(CNN) -- It's the slap that's been heard around the world: Wendi Deng Murdoch putting herself between her husband Rupert Murdoch and a protester armed with a shaving cream pie.
Deng had already cut a formidable presence in her pink suit, looking severe, as she sat behind her media mogul husband. But it was her lunge at Murdoch's attacker that set Twitter on fire.
Suddenly it's no longer Wendi the "gold digger" -- as some called her -- who snared the aging boss of News Corp. Now she is being dubbed Crouching Wendi: Hidden Tiger.
Chinese microblogs have gone into overdrive: One slap for Wendi, one knockout blow for the pride of Asian women.
"The harder she slapped, the more we can tell how eager she was to protect her husband ... she is still a woman who longs for love," MissQccc wrote.
Another microblogger, Yan Yu Qing Liu, wrote, "People are starting to see the 'gold digger' differently ... Wendi Deng has redefined Tiger Mom."
But still others can't get past how this young Chinese woman snared the rich, powerful media mogul.
"If Murdoch was just one poor old man, would Wendi Deng stay with him and have his babies...Everything between them is about money," one microblogger wrote.
On the streets of Beijing, local Chinese are giving Mrs. Murdoch the benefit of the doubt.
"I used to think Deng only loves Murdoch's money. But her move yesterday was so fast and was kind of instinct... this may actually be true love!" one young woman said.
Another said, "I admire her courage. She did this out of her obligation and responsibility as a wife. She did it very well."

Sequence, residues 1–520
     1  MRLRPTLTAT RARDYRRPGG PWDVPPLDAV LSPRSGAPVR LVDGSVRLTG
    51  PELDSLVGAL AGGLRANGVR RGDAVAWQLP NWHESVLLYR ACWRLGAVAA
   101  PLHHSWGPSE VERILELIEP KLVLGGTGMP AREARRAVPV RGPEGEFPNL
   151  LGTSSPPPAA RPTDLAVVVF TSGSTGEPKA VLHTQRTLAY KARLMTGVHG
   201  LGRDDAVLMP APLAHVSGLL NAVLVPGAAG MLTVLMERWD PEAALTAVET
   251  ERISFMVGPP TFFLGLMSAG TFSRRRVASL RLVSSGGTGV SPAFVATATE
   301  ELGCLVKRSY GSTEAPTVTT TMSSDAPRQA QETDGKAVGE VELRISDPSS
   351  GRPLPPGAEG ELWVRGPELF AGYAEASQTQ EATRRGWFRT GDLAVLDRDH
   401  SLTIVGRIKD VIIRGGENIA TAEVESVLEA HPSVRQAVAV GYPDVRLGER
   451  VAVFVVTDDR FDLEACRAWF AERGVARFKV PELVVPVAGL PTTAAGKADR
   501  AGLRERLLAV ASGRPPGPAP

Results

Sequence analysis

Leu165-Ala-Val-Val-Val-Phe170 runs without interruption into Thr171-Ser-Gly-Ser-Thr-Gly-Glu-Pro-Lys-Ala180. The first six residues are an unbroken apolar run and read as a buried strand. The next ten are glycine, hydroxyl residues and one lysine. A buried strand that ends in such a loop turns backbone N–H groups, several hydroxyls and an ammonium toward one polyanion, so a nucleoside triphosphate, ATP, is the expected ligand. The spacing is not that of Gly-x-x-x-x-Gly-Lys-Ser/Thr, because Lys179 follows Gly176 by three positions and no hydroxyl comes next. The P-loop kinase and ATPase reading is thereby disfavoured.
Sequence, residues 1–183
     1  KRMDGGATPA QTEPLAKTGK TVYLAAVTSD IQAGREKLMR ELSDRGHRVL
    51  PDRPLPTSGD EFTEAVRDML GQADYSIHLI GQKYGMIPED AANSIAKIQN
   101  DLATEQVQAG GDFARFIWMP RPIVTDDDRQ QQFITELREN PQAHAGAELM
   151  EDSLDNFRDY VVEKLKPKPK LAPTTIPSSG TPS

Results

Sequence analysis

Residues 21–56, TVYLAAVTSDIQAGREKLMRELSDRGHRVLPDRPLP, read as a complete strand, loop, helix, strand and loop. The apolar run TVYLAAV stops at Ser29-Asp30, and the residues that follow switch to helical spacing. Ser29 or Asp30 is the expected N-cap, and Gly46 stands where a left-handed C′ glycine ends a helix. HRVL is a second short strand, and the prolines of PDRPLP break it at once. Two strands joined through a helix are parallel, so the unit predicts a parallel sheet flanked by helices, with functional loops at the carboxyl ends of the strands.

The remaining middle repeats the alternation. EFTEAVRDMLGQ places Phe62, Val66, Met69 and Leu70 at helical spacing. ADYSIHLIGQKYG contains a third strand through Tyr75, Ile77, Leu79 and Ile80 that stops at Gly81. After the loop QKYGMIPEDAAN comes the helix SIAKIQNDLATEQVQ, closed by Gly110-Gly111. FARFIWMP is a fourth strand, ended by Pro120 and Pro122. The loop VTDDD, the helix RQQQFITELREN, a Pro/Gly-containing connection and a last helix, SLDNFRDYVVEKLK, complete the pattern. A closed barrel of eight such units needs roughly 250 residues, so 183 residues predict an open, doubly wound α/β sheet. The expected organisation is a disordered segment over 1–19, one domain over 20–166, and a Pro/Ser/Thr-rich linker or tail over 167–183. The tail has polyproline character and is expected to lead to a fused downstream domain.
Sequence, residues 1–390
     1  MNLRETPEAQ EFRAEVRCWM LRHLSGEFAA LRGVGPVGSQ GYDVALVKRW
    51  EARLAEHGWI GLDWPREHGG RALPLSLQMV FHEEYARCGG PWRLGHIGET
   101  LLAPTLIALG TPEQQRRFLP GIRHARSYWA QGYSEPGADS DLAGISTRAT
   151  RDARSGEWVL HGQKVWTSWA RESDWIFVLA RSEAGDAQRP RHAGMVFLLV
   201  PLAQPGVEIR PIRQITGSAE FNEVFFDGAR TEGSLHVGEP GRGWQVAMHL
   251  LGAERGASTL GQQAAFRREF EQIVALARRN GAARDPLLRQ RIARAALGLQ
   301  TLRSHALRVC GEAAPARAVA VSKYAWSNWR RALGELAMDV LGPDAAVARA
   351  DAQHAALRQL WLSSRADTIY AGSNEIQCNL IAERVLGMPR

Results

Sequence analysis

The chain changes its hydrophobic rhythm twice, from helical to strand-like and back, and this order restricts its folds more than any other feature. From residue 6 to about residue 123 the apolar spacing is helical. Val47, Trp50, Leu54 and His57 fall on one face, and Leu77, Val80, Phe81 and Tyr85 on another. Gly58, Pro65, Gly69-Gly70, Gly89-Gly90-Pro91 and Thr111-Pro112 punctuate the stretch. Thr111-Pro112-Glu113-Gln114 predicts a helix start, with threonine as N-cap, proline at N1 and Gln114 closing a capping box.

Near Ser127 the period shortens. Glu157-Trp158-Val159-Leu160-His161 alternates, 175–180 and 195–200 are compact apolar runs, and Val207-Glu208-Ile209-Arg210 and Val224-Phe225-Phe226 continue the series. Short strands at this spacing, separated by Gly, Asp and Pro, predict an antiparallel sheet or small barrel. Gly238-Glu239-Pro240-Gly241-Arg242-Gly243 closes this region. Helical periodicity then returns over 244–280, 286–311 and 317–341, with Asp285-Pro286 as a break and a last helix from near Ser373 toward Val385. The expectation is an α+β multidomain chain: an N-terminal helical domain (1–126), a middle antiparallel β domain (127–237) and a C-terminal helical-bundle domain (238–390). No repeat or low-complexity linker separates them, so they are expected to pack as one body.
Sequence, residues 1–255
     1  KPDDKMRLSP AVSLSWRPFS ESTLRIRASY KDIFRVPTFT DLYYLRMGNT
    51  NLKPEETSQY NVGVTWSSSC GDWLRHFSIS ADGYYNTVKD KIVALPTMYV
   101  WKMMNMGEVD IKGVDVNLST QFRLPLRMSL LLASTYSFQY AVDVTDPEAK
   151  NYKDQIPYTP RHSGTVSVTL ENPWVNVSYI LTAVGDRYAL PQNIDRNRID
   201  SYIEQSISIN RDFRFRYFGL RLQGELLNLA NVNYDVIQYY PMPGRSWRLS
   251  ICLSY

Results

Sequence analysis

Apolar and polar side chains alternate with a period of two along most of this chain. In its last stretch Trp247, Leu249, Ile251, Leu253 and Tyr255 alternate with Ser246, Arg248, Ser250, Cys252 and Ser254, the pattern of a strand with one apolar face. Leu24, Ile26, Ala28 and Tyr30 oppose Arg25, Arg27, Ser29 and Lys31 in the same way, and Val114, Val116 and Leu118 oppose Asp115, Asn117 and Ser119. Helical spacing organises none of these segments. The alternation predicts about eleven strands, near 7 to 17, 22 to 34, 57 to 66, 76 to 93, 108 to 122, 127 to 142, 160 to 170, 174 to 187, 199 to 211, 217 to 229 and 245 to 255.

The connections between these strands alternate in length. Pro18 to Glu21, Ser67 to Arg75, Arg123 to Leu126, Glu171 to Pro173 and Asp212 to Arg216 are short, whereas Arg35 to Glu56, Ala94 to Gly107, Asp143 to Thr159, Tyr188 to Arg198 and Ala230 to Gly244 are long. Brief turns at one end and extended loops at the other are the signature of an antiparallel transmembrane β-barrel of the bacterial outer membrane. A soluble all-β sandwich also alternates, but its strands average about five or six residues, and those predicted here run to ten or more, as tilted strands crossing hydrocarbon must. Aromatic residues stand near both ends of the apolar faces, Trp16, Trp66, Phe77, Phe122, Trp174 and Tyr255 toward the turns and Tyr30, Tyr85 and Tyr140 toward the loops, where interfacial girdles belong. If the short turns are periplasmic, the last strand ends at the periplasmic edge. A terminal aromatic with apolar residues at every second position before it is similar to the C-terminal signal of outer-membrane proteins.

So, who is Wendi Deng?
She first made waves when she married Murdoch in 1999, shortly after he divorced his wife of more than 30 years, Anna Torv Murdoch Mann. Since then, the couple have had two daughters together, Chloe and Grace, the youngest among his six children.
By Rupert Murdoch's own account in an joint interview with his wife on CCTV's "Dialogue" program just last month, they met at a cocktail party shortly after she graduated with an MBA from Yale and went to work in Hong Kong at Star Television as an intern, a satellite television service he bought in 1993.
By then, his holdings under News Corp. included the Sunday Times, The Australian, News International, the New York Post, the Times of London, 20th Century Fox and Fox Broadcasting. (His acquisition of the Los Angeles Dodgers baseball team would coincide with their courtship.)
A native of China, she served as his interpreter during a tour in the mainland, he said. On CCTV, Rupert Murdoch recalled the days when he pursued Wendi-- a woman nearly half his age-- and his efforts to get her to marry him.
"I fell in love with her, and I asked her. She said no, and it took a long time to persuade her," he said.
They married after he finalized his divorce from his second wife.
It's been a long road for Deng. She has talked about growing up in a small town in China ("very,very poor"), the daughter of a factory engineer.
Her marriage with Murdoch wasn't her first; she married the man who, with his then-wife, had sponsored her for a student visa in the United States during the late 1980s. She eventually secured a "green card" to stay permanently in the United States, but her first marriage was short-lived.
Not much is known about Deng. She sits on the board of advisers at the Yale School of Management, her alma mater. She is listed as a co-founder for Big Feet Productions and also is co-producer (with Florence Sloan, friend and wife of former MGM CEO Harry Sloan) of "Snow Flower and the Secret Fan," a recent film directed by Wayne Wang ("Joy Luck Club").
But it is as Rupert Murdoch's wife that Wendi is now known.
And as the pie man found ... nothing comes between the slap-down sister and her mister.